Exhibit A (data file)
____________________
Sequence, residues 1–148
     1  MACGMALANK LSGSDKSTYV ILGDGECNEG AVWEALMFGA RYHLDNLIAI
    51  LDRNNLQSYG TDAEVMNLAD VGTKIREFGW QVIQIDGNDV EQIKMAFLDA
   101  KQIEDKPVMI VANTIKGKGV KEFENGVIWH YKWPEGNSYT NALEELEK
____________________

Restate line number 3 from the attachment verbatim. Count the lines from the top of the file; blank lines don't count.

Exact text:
    51  LDRNNLQSYG TDAEVMNLAD VGTKIREFGW QVIQIDGNDV EQIKMAFLDA